The Hunger Games by Suzanne Collins 2009 It’s YoungAdult but rated 5* by over 100 Leeds readers. 16-year-old Katniss Everdeen regards it as a death sentence when she is forced to represent her district in the annual Hunger Games, a fight to the death on live TV. But Katniss has been close to death before and survival, for her, is second nature
Sleepless by Charlie Huston 2010 Parker T. Haas is a straight-arrow LAPD cop whose cast iron sense of right and wrong has made him a lone wolf on the force. But when a plague of sleeplessness attacks Los Angeles and the world beyond, his philosophical certainties are tested to destruction
Wool by Hugh Howey 2011 In a ruined and toxic future, a community exists in a giant silo underground, hundreds of stories deep. There, men and women live in a society full of regulations they believe are meant to protect them. Sheriff Holston, who has unwaveringly upheld the silo’s rules for years, unexpectedly breaks the greatest taboo of all: He asks to go outside.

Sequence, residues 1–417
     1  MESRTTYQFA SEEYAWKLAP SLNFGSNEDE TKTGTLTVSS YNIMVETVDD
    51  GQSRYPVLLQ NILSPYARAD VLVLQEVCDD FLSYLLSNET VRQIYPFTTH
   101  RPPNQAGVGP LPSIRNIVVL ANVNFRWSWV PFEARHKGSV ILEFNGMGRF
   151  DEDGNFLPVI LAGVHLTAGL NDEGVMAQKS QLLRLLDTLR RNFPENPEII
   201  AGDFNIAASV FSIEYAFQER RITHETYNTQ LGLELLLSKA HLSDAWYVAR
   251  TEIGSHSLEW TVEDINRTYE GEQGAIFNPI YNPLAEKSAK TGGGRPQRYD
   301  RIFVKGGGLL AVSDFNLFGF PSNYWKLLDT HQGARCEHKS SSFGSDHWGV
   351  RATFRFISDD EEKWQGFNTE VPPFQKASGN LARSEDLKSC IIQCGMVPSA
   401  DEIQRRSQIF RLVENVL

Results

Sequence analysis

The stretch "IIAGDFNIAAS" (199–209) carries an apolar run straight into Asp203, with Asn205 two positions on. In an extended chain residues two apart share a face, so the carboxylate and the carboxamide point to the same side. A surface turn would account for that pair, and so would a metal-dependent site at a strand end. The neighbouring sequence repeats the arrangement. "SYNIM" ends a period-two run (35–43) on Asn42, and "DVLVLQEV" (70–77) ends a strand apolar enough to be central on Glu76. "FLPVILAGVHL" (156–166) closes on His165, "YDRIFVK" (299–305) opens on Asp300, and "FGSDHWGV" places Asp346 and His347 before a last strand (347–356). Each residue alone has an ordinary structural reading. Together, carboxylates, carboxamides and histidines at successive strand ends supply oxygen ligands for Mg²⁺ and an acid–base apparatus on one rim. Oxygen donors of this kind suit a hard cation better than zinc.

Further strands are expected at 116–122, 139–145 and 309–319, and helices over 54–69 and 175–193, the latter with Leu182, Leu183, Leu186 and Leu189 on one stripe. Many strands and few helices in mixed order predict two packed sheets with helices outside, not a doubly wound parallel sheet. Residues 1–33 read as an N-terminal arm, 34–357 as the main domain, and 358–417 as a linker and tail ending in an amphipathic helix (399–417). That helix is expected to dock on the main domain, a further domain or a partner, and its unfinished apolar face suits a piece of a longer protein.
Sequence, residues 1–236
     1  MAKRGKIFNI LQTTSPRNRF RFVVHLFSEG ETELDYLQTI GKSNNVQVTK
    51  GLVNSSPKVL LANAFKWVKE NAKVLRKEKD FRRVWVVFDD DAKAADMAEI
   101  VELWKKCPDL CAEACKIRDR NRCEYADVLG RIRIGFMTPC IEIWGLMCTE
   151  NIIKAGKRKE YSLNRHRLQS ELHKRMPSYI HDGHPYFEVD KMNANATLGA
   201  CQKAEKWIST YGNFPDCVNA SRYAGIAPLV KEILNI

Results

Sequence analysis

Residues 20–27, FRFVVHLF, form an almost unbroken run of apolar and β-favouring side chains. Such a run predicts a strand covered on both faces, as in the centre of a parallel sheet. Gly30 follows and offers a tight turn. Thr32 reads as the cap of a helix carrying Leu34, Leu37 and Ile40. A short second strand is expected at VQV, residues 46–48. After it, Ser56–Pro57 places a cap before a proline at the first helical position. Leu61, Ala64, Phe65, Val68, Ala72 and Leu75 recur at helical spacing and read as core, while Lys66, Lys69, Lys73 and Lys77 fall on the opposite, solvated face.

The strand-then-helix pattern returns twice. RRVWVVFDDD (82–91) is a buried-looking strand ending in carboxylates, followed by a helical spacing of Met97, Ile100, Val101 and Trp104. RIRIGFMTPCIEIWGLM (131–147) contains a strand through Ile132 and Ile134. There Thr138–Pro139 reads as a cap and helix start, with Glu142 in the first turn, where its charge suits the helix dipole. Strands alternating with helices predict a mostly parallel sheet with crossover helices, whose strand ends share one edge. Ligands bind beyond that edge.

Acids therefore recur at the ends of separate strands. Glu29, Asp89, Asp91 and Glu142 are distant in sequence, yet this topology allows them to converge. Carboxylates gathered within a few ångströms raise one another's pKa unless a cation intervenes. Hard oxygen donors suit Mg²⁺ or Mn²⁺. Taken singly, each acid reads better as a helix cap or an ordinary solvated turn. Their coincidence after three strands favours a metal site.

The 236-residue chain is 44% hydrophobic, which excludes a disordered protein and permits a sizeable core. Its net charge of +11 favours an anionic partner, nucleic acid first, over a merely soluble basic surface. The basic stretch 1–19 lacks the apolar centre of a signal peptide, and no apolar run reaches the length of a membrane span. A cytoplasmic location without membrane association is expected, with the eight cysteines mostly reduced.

“The biggest influence on me was probably Fraggle Rock. As a kid, I couldn’t get enough of the intro to that show, which revealed an entire world underground.” – Hugh Howey
The Girl With All the Gifts by M. R. Carey 2014 Review by filmmaker Joss Whedon: “The story spirals towards a conclusion so surprising, so warm and yet so chilling, that it takes a moment to realize it’s been earned since the first page, and even before. It left me sighing with envious joy, like I’d been simultaneously offered flowers and beaten at chess. A jewel.”
The Remaining by D J Molles 2014 In a steel-and-lead-encased bunker 20 feet below the basement level of his house, a soldier waits for his final orders. On the surface, a plague ravages the planet, infecting over 90% of the population. The bacterium burrows through the brain, destroying all signs of humanity and leaving behind little more than base, prehistoric instincts. The infected turn into hyper-aggressive predators, with an insatiable desire to kill and feed. Soon the soldier will have to open the hatch to his bunker, and step out into this new wasteland, to complete his mission: rescue and rebuild
The current Golden Age started in 2004 – The “Pop score” is the number of Amazon stars multiplied by number of reviews